The United Nations Office of Internal Oversight Services (OIOS) investigates reports of mismanagement and misconduct in all UN activities under the Secretary General’s authority, including the peacekeeping missions. While OIOS has achieved important goals since its inauguration in 1994, UN observers agree that its effectiveness has been undermined by a lack of independence and a lack of access to resources and to appropriately skilled staff. Moreover, the work of investigations and audits is easily constrained by confidentiality and secrecy. Thus, the weakening of OIOS could take place without witnesses able to speak publicly about problems there. GAP helps whistleblowers disclose problems in OIOS and has monitored OIOS reform efforts.
The OIOS Investigations Division (OIOS/ID)– the unit responsible for the investigation of misconduct and whistleblower cases – has been especially troubled in recent years. A 2007 review by a UN consultant found that there appeared to be “something fundamentally awry with ID, its operating procedures and its underlying culture.” A separate assessment found similar problems and stated that: “the lack of effectiveness and high quality work of ID/OIOS is of critical importance because it affects the overall functioning of the Organization. First, it is detrimental to the Organization’s ability to manage and detect corruption, fraud and other serious offenses, which has in recent years damaged the reputation of the Organization and has engendered a sense of mistrust. Second, it impedes the ability of the Organization to combat and prevent future instances of wrongdoing.”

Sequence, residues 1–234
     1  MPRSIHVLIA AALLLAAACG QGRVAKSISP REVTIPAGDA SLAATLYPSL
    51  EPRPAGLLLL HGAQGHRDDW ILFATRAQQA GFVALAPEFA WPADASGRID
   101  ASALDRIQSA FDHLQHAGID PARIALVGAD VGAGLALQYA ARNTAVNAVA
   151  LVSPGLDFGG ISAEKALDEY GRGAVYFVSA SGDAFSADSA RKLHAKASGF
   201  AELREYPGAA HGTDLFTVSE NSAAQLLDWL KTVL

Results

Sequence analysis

Sources report that many OIOS/ID investigations into significant cases of fraud are languishing. OIOS/ID has been especially reluctant to investigate whistleblower retaliation cases (para. 66).
In July 2010, Inga-Britt Ahlenius’ term as Under-Secretary-General of OIOS expired. Her end of assignment report, which was released to the media, was highly critical of UN Secretary-General Ban Ki-moon, whom she accused of trying to undermine the independence of OIOS. Ahlenius wrote that the Secretary-General also requested “a couple of times” that OIOS investigate “leaks,” a request that Ahlenius repeatedly refused, as she believed that it would “be seen as very negative on the Secretary-General, who had advocated transparency, to pursue leaks.” According to Ahlenius’ memo, “In the long run transparency is the way – and I would say the only way – to ensure a high quality and an accountable United Nations.”
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